Cette Maison (2022)

Cette Maison (2022)

A heartbreaking but transcendent dramatic exercise that uses imagination to reckon with a devastating loss

The Very Best



Crime, Drama, Fantasy
Ève Duranceau
75 min


A deeply moving exploration of all the “what ifs” that come with grief

What it's about

Years after her cousin is murdered at 14, director Miryam Charles uses magical realism to re-imagine the past and visualize an alternate future

The take

A harrowing family loss sets off a poetic exploration of grief in this experimental film from Haitian-Canadian filmmaker Miryam Charles. The focus of the movie is Charles’ own cousin, who was found murdered in her Connecticut bedroom in 2008. Rather than let her cousin’s life remain frozen at that point in time, Charles unmoors her film from the cold realities of time and space to suggest new perspectives on the girl’s past and imagine a future that never came. While events like the family’s decision to move to the US are recast as portends of tragedy, there’s also deep generosity in the movie’s ghost story — such as the joyous scenes it depicts from a mother-daughter trip to the family’s home country of Haiti, a trip that never actually took place.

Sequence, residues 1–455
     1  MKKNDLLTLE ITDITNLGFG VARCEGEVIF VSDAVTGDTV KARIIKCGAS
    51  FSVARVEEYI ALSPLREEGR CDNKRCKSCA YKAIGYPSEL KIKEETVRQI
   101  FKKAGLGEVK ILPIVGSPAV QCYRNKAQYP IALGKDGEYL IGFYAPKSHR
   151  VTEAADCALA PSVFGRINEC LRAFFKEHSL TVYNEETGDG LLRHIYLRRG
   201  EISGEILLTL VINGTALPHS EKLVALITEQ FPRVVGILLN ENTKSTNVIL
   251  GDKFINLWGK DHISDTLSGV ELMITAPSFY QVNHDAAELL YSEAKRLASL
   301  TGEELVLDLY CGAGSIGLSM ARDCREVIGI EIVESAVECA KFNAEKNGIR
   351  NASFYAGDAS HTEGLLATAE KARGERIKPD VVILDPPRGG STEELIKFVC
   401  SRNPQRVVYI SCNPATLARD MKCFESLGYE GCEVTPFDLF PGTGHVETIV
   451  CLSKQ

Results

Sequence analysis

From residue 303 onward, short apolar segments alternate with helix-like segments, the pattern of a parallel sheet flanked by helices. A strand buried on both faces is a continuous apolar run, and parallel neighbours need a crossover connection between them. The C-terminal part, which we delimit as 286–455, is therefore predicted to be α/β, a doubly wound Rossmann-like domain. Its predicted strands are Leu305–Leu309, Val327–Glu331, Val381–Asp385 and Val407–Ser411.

It’s not always easy to discern where or when we’re at in its liberal toggling between time and space, but once Cette Maison establishes its unconventional visual language, everything comes into poignant focus. Given the reality on which it’s based, this is undoubtedly a heartbreaking watch, but the way Charles’ movie evokes the ability of imagination to both deepen and assuage the pain of grief is nothing short of revelatory.

What stands out

The film’s free treatment of time and space recalls another movie about the supernatural bond between mothers and daughters — Céline Sciamma’s Petite Maman. Cette Maison employs actors to play cousin Tessa (Schelby Jean-Baptiste) and Tessa’s mother Valeska (Florence Blain Mbaye), and the two have similarly impossibly knowing conversations at impossible moments, like the one in which an agonized Valeska tells her then-unborn daughter she can take her place on the day of the girl’s death. Though the format might be less conventional here, Cette Maison delivers an equally stunning exploration of imagination’s cathartic abilities, the preciousness of young life, the otherworldly power of love, and the infinite possibilities of cinema.


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